South African Expats can now access funds stuck in Retirement Annuities

Contributed by Mark Ackermann, 29 March, 2018

It is expensive for an immigrant to establish a new home in a developed country. Most South African expats want to be financially emancipated from South Africa by getting their remaining investments out of the country because they have relocated permanently and do not plan on returning permanently. Some simply need the funds to finance their resettlement. Others are highly concerned about the South African political and economic landscape, and the decreasing value of the ZAR against international currencies.

As if exchange control rules and regulations didn't provide enough red tape in getting funds out of SA, investments in retirement products (policies, pensions) are strictly governed by separate legislation designed to encourage, and thereafter enforce, long-term savings by local residents. The express aim is to prevent residents of the country from becoming dependent on the state in their old age. These savings are therefore by design more challenging to cash out – if not entirely impossible.

Retirement Annuities (RA's) – very popular savings vehicles back in South Africa – can only be accessed at age 55, and then only 1/3rd can be taken out in cash whilst the rest must to be rolled into a living annuity. There it will be stuck for the rest of one's natural life (or until slowly depleted), paying a small monthly income in ZAR.

This is inherently unfair towards SA Expats who have permanently established a new life abroad: they will clearly never become a burden on the local economy!

The good news is that the authorities finally acknowledged this injustice. The Tax Act was amended in 2008 to allow for the early and full RA benefit withdrawal by South African citizens permanently settled abroad.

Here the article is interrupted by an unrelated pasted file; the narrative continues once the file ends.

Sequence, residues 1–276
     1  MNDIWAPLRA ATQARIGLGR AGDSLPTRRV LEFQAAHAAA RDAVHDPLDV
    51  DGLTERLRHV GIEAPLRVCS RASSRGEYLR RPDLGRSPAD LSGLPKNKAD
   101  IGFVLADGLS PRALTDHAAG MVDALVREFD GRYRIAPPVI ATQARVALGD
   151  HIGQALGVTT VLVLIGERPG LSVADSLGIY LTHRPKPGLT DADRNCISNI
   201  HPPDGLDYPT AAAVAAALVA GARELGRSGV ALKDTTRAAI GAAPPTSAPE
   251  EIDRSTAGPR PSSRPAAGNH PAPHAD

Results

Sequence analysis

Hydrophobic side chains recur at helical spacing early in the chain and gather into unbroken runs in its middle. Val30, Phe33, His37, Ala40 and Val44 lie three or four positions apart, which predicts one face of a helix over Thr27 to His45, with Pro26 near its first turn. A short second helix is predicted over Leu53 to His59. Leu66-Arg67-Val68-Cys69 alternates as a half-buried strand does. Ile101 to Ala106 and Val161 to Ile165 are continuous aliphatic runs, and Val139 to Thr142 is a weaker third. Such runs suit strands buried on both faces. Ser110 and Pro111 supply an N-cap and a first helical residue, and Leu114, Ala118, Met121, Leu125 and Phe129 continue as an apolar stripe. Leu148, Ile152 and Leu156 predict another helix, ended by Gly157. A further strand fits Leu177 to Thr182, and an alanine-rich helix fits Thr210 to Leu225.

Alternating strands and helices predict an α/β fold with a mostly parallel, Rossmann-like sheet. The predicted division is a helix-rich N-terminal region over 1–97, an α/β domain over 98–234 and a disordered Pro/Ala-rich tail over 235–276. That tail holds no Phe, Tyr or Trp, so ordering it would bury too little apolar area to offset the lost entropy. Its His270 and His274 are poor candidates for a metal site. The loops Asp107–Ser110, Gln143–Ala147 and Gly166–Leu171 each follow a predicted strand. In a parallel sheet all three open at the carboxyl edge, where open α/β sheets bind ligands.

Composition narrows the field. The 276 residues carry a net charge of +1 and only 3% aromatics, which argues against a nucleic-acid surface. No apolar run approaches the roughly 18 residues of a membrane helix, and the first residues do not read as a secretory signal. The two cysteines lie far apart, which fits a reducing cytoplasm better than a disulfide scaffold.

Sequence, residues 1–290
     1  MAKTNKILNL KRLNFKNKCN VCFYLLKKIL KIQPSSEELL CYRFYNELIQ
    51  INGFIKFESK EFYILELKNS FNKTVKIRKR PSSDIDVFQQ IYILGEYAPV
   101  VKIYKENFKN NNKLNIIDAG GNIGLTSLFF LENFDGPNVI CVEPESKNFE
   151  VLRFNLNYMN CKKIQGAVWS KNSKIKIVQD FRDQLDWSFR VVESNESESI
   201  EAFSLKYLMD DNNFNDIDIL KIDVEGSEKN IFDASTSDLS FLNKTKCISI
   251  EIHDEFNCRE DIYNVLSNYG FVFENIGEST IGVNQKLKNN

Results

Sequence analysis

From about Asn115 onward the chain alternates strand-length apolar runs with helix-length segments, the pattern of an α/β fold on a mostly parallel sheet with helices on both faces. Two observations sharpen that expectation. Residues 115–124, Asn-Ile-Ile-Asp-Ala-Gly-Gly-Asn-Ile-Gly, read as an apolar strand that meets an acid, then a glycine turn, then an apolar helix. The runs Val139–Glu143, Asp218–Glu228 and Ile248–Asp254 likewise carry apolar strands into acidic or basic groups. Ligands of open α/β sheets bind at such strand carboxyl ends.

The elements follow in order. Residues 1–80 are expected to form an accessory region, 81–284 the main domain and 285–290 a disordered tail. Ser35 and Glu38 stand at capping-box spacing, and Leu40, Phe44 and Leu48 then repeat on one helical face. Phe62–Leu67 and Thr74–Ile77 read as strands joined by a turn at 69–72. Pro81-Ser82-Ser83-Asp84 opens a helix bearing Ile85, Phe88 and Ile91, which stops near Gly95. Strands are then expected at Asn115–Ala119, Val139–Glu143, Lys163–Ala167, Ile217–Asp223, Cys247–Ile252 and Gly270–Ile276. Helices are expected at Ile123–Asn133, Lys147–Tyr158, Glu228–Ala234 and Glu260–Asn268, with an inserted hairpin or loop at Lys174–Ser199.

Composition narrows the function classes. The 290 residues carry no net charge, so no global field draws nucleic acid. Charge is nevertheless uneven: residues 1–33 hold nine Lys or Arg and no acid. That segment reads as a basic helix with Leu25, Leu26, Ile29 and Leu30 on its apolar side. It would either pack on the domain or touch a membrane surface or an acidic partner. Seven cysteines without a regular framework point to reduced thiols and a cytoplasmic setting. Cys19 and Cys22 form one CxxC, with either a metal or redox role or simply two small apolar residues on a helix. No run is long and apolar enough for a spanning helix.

The mechanism through which this is managed is an administrative procedure called Formal Emigration. This process can only be done through one of the four large South African banks: ABSA, FNB, Standard Bank and Nedbank. It essentially changes the residency status of an individual from Resident to Non-Resident, and formally records their new status with the South African authorities (including the central bank and the tax authority).

Upon completion of this process a special non-resident bank account is created for the applicant. An insurance company is only allowed to cash out an RA once an individual policy holder's Formal Emigration process has been completed, and their bank is allowed and able to transfer the proceeds abroad via this Emigrant Capital Account.

The whole process involves the navigation of a fair amount of red tape. A number of intermediaries – broker, or financial service providers – have consequently started taking advantage of expat's lack of knowledge about their financial affairs. This has led to some ridiculous fees being levied to "assist" expats, fees that can make up 10% or more of the value of the funds stuck in the RA.

This is preposterous: it should not have to cost an arm and a leg to get one's own hard-earned savings out of an investment product – especially when it is not a very complicated action. More and more investors are waking up to the fact that they do not need an expensive middleman to cash out their Retirement Annuity policies; they can do it themselves, easily and cost effectively.

One simply needs to understand the requirements and the processes. The information and assistance is available at a fraction of the cost: DIY is the way to go for the expat with funds stuck in a retirement annuity in SA.

Author's Bio

As an expat himself Mark has had his fair share of experience dealing with the processes involved in releasing hard earned funds from South Africa. He has a background in finance and now works with Expatri8 to let others in the same position know that there is an easier way to do this.

Tags: Retirement | Tax | Retire | Other | Africa | Expats | retirement | pensions | investment | South Africa | regulation | legislation | tax authority | insurance | fees | tax |



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